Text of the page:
How to Deal with Jealous Co-Workers When You Work from Home

The number of employees working from home exploded in 2020 due to COVID. Work from home arrangements are also a source of jealous co-workers in newly distributed workplaces. Jealousy arises in the workplace primarily due to perceived or actual disparities between co-workers. In a work from home situation, these disparities are due to a variety of reasons, including a perception that the arrangements favor some over others.

Jealousy in the workplace is nothing new. Co-workers have been seething about the successes of their rivals for centuries. If you’re working from home and your co-workers aren’t, chances are a few of them are envious. While this may seem harmless, left unchecked there are real costs incurred by the envier, the envied, and the larger workplace. At worst, jealous co-workers can result in situations that undermine the success of the entire organization and its employees.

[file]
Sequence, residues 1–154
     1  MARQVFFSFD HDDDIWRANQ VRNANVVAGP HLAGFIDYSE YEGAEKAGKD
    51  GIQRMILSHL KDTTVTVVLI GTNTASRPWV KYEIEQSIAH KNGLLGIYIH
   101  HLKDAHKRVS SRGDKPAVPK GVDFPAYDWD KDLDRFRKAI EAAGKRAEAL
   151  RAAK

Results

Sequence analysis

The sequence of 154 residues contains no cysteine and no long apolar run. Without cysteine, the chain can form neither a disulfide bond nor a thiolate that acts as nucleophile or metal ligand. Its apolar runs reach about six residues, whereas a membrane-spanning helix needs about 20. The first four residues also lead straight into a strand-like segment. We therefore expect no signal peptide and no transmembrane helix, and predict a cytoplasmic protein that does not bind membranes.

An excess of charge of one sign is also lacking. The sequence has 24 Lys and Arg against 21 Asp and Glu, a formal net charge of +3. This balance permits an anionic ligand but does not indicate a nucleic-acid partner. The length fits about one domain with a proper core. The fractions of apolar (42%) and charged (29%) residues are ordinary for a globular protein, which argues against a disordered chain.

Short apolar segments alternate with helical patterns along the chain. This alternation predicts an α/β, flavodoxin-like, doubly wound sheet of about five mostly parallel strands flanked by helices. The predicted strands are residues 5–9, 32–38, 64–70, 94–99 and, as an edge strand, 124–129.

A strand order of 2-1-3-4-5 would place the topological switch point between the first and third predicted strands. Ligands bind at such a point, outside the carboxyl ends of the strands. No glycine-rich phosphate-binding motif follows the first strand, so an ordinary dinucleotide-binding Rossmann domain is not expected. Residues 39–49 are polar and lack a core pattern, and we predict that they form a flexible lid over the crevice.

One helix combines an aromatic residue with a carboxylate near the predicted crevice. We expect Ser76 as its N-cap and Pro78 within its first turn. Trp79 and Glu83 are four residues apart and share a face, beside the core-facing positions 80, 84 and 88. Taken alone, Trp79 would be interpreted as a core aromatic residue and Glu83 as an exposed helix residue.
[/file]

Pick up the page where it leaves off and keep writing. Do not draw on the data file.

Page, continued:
Negative Results of Jealous Co-Workers

Some effects of jealousy are easy to identify such as damaged relationships and disruptions in team operations. However, the repercussions of these effects have much broader implications. A few examples of the negative effects on the bigger picture include:

  • Loss of productivity and talent. Severe cases of jealousy can lead to talented employees becoming less engaged, unsatisfied in their position, and not committed to giving their best. At worst, envy will lead to employees leaving the organization.